American mattress-in-a-box brand Casper is following Eve Sleep in going public with a gaudy valuation. While it promises to tap into the rapidly growing ‘sleep economy’, it is hard to see how it will avoid the same fate as Eve and become a nightmare for investors.

Casper touts a strong topline performance and an expectation that it can scale quickly in an expanding sleep market, quoting a market increase of 35.4% between 2019 and 2024 to $585bn in its IPO. Yet sales growth for the first nine months of 2019 more than halved on FY2018 levels, and improvements to its gross margin throughout 2019 have not filtered down to its bottom line as it remains deeply loss-making, with accumulated operating losses of $182.2m between October 2017 and September 2019. It is also highly unlikely to achieve targets it set in March 2019 of US$556m in revenue and a positive EBITDA by the end of 2019.

It is, therefore, challenging to see how Casper will be able to reach the US$1.1bn valuation it received in March, following $100m in fresh investment from existing backers such as Target, and avoid a similar fate to Eve which floated to great fanfare in 2017. While Eve’s market cap reached £140m after going public, it underestimated the costs of international expansion, and its inability to scale down marketing costs caused its share price to crumble. The collapse of merger talks with Simba last year further contributed to this decline, leading to Eve’s worth dropping to just £5.75m.

Casper’s high marketing costs have been a significant barrier to profitability to date, with advertising spend a significant proportion of revenue (the brand spent US$422.8m between January 2016 and September 2019). Part of the brand’s path to profitability is its belief that it can be more efficient with marketing spend as it gains in scale, and the proportion of spend did fall between Q4 2017 and Q1 2019. However, it rose in Q2 2019 to its highest level; and while this fell sequentially in Q3, it was still running at a higher rate than in 2018. Arguably, the infrequent nature of replacing a mattress, greater competition in the market and as it enters new territories will necessitate consistent marketing spend for Casper to stay top of mind.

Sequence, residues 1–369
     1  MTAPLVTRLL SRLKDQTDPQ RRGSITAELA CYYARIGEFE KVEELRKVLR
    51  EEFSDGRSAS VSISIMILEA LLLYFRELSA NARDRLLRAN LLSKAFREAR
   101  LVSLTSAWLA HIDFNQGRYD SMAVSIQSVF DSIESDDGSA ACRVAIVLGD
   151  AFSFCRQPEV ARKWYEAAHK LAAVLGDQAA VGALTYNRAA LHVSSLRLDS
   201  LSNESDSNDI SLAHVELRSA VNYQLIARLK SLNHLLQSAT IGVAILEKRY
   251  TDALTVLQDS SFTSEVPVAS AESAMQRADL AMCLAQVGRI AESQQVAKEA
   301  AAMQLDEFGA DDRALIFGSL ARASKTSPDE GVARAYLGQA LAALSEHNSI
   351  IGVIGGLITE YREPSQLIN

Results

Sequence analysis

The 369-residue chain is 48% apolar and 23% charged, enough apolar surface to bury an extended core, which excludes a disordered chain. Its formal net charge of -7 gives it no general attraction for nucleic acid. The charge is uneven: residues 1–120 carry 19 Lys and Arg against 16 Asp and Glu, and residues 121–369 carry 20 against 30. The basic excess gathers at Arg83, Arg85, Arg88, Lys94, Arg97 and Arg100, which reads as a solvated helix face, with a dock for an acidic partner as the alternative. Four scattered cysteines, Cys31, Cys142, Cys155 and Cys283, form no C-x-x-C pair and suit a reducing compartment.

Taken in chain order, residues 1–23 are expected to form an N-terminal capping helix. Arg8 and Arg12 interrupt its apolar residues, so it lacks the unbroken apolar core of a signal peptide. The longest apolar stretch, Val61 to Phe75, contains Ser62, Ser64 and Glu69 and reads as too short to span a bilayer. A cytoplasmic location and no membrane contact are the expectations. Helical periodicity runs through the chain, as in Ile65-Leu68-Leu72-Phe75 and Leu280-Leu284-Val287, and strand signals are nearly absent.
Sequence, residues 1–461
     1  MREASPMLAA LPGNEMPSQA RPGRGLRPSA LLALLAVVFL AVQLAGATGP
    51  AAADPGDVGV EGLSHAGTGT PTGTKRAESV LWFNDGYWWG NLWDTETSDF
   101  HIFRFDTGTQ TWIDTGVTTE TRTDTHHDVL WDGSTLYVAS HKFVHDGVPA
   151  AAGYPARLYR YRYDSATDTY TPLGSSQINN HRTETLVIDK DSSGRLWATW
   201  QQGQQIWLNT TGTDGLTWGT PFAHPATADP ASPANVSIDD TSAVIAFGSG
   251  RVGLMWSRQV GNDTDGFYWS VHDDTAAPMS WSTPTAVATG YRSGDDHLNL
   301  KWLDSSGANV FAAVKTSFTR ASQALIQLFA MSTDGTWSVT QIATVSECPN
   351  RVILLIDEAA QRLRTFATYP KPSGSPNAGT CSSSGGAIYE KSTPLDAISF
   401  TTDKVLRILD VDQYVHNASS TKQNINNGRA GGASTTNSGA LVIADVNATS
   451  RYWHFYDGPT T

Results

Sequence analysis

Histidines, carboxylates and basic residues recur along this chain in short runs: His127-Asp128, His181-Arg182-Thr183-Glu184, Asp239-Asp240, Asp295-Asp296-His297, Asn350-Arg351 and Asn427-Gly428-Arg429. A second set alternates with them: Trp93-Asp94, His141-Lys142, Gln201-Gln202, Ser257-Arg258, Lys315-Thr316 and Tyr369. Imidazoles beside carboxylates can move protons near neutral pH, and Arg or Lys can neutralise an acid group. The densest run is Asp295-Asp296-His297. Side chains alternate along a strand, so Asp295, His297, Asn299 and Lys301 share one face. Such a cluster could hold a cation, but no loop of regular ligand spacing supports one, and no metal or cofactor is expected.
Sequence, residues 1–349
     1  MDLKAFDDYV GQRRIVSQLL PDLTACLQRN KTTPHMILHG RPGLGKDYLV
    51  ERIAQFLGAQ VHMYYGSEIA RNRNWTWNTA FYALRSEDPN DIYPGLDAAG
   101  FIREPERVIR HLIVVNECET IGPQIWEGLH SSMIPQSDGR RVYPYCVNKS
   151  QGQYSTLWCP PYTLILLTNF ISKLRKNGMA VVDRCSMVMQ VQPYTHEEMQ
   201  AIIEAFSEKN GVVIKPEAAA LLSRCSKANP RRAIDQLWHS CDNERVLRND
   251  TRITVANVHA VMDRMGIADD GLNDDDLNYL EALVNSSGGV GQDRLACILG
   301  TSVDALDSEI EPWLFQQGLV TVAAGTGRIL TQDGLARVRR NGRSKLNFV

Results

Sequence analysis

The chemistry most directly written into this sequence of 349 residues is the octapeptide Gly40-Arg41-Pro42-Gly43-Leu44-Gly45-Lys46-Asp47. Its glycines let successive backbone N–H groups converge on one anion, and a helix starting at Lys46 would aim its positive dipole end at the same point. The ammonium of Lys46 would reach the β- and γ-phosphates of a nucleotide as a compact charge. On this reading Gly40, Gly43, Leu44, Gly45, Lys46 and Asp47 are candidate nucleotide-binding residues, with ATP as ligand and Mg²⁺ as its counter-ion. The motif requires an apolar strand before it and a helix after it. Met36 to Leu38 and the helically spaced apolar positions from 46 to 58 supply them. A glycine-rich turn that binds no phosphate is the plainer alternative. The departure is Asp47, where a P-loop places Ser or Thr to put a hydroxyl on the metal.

The brand has strong international aspirations – it currently operates in seven countries and aims to enter a further 13 through either acquisition or partnership – but it is struggling to make headway in Europe as net EU revenues fell by 20.7% for the first nine months of 2019. In the UK, Casper sells through select John Lewis stores though sales were likely affected by the host’s struggles this year. Prospective partners in the UK are also drying up, with bed specialists and online home retailers launching own-brands, and department stores losing resonance.

Casper’s key advantage over competitors is that it has its own stores. There are 53 Casper stores in the US with a sales density of $1,600 per sellable square foot. Other mattress brands have been successful in running UK stores, with Tempur operating across the country, so Casper could replicate this strategy within the major shopping centres, though the high costs and low conversion rates may not generate high enough returns. Launching its own store network also brings into question how quickly it can achieve scale when entering a country as it has to find suitable locations and build an infrastructure.

It is also aiming to diversify into other products to drive revenues such as bedding and pyjamas, as well as medical devices and sleep aids, citing that 16% of its customers have bought twice or more. However, with the majority of these customers likely to be previous mattress shoppers returning to make much smaller purchases, such as bedding, it remains to be seen how much this will boost revenue.

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